Olaparib is now approved for the treatment of BRCA-mutated (gBRCA HER2-negative) metastatic breast cancer. Patient selection for Olaparib treatment, however, must be based on a USFDA-approved genetic test such as BRACAnalysis CDx, a companion diagnostic test developed by Myriad Genetics.
Olaparib is a poly ADP-ribose polymerase (PARP) inhibitor and the first targeted drug therapy against BRCA mutations to selectively kill malignant cells. The cytotoxic drug selectively targets DNA damage response by inhibiting PARP enzymatic activity, increasing PARP-DNA complex formation and leading to DNA damage and the death of malignant cells.
Olaparib, under its trade name Lynparza, has been jointly developed by AstraZeneca, Merck, KuDOS Pharmaceuticals and University of Sheffield scientists, and the drug is being investigated as a treatment for prostate and pancreatic cancers. A randomized, open-label, multi-centric (International) Phase III study (OlympiAD) was conducted to demonstrate the safety and efficacy of Olaparib (300 mg twice daily) in HER2-negative metastatic breast cancer with germline BRCA1 or BRCA2 mutations. The treatment results were compared with physician’s choice of chemotherapy. The study enrolled 302 patients across North America, South America, Europe and Asia.
The study participants had HER2-negative gBRCA1- or gBRCA2- mutated breast cancer, which was either HR+ (n=152) or triple negative (n=150). Among the participants, 205 patients who were aged between 22 and 76 were assigned to receive Olaparib. The inclusion criteria allowed participants exposed to the prior treatment of anthracycline and taxane chemotherapy, but no more than two cycles of chemotherapy for metastatic cancer.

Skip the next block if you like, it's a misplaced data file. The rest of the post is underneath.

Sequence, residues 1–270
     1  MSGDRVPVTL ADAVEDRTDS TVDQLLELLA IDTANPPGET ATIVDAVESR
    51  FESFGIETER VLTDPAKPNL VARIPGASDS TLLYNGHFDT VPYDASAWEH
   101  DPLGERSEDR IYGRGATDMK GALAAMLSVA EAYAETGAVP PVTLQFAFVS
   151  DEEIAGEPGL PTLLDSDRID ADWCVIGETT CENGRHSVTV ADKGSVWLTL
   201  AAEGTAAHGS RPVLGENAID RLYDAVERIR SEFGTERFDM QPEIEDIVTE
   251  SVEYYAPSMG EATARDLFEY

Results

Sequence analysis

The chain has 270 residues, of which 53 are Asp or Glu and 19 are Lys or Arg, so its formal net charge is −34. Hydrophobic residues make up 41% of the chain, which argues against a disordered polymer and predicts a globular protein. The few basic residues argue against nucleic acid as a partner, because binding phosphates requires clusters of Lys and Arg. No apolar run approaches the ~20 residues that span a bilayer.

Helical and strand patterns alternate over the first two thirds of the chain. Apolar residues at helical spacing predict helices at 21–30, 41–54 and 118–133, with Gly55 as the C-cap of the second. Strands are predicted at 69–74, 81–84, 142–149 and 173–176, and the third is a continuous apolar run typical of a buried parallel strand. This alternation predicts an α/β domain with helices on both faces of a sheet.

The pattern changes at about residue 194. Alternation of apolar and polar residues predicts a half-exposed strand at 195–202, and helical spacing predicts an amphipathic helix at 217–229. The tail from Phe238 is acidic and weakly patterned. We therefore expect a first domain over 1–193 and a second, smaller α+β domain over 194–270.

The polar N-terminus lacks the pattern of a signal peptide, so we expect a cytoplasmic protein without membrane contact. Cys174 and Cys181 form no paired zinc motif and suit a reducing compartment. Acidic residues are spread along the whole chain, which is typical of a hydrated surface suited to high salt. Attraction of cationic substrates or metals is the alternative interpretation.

Administration of Olaparib significantly improved progression-free survival rate (primary endpoint) by seven months, compared to four and a half months of chemotherapy. Olaparib also improved overall survival rate (secondary endpoint) by delaying the progression of disease in Olaparib-received patients.
Some of the reported common adverse effects of Olaparib treatment were nausea, vomiting, anemia, neutropenia, leukopenia, joint pain, respiratory tract infection, headache, dyspepsia, stomatitis, dysgeusia, and diarrhea. Severe adverse events of Olaparib included the occurrence of acute myeloid leukemia, myelodysplastic syndrome, and pneumonitis.
Clinical trial studies found a possible drug-drug interaction of Olaparib with anti-cancer agents including DNA-damaging agents, which may lead to development or prolongation of myelosuppressive toxicity. It has been recommended that Olaparib is not concomitantly used with moderate or strong CYP3A inhibitors and/or CYP3A inducers. It has also been recommended to discourage patients from consuming Seville oranges, grapefruit or their juices during Olaparib treatment. Until present, there are no listed contraindications for Olaparib treatment.